All posts by symphonyux_jfcorb

Contra-Cogs: Vendor Platform (AI/ML)

Responsible for contributing to the FY21 platform strategy.

Mgr. Quote:  Becky S
“Geoff was the sole designer on a product that helped us manage our Vendor relationships. He was asked to deliver several features but also took ownership of user research and suggested additional user delight features. He was responsible for every aspect of the design and prototyping for testing and presented his work to leaders in design and products.”

Visionary Dashboards – Imagine AI/ML predictive analysis dashboards analyzing vendor relations for new customer potentials and opportunities to increase business efficiency. Experience improvements that keep the mothership fly-wheel offering increased transparency for customer (internal/external) relationships.

Customer interviews
Responsible for conducting 1:1 interviews with vendor managers to validate the experience hypothesis. Customer feedback directly affected the product roadmap, and some features in the PRFAQ were challenged by customer feedback.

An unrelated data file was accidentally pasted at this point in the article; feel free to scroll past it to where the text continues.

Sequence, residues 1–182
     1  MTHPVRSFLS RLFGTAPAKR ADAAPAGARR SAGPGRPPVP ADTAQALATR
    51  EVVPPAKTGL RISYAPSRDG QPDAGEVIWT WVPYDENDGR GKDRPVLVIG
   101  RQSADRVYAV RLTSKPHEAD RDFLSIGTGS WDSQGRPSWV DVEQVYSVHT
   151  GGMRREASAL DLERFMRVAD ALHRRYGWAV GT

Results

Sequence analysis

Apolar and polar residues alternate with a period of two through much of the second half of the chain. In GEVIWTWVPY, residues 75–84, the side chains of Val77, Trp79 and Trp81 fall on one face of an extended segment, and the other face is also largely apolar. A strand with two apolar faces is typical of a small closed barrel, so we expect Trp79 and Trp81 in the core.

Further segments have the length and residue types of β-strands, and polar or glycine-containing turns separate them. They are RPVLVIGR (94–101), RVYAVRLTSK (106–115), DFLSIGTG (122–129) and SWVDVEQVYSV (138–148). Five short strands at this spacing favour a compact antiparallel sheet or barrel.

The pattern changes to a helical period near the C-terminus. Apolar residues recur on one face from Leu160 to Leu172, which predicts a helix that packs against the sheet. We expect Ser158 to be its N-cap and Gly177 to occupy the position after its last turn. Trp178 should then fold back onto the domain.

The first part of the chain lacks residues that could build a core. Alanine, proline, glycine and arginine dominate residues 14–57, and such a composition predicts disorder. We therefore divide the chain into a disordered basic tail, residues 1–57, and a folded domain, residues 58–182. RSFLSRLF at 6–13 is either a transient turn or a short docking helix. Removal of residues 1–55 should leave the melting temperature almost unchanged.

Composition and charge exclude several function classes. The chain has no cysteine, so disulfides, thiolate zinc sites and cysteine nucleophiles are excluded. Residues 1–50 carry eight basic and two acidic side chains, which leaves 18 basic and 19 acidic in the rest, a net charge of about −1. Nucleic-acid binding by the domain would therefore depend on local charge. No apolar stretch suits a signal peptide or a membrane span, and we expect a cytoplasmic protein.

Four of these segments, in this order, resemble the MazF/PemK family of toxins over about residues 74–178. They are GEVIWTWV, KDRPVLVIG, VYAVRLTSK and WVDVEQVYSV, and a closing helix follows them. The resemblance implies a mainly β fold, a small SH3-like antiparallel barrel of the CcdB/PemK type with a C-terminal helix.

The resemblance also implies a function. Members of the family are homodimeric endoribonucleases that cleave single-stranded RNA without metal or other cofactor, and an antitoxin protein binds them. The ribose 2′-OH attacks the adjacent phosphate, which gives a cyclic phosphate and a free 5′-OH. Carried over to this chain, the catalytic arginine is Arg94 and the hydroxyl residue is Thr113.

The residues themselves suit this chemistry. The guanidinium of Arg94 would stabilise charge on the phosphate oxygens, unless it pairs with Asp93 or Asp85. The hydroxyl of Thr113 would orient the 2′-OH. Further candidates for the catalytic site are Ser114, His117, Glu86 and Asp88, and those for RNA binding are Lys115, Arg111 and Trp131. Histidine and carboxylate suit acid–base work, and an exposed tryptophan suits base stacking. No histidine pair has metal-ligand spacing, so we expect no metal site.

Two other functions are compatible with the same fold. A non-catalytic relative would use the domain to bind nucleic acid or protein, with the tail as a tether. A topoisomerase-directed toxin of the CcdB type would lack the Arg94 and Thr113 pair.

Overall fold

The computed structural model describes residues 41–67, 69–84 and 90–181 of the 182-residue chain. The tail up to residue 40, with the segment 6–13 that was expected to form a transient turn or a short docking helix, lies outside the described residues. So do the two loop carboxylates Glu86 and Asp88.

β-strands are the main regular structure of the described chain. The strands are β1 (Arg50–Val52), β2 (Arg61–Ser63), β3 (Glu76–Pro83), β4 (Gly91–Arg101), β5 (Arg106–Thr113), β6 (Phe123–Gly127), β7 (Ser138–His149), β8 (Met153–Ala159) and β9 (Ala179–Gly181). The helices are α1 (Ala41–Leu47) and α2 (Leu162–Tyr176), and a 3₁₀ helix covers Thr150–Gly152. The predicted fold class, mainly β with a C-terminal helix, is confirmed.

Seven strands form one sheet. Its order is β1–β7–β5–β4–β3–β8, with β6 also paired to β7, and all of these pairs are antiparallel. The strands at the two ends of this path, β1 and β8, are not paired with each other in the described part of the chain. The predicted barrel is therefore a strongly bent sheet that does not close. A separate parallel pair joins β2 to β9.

Customer Quotes from UX findings:
Nine feature areas received positive feedback from customer interviews.
• “Frequently amount of codes are created by a different team, and I had no idea.”
• “Proactive suggestions would be great.”
• “The chart would save me time than going to Excel.”

Customer Journeys – e2e Workflow Prototypes
The trend line represents suggested business decisions and missed opportunities. The speed and pace are unlike any other product machine. I was shipping new feature improvements on a consistent cadence.

Customer Relations
At scale, the knobs that control the underlying business algorithms that directly affect vendor-customer relations through multiple channels. Using AI/ML alerts to Vendors increases efficiency potential and new opportunities to increase sales.

Vision OP1: Retail Media (CO-OP Incentives)
Design Presentation and contributed to OP1’s future innovation features. I was improving FCF from additional funding captured by lowering the number of tickets to decrease funding leakages. I presented a deck to leadership and a UX/UI spec outlining the proposed features.

Systems UI Kit (NEW) – Amazon was on a mission to transform internal platforms to reduce costs and increase efficiency digitally. I was on point to level up the platform and pressure-test the system library patterns/components designed to scale for the enterprise platforms.

Discovery – Beta Site
UX Challenge: Hypothesis building from customer touch points, data, and interviews. The experience goal is to simplify the overly complex to decrease missed opportunities and increase future monetization opportunities.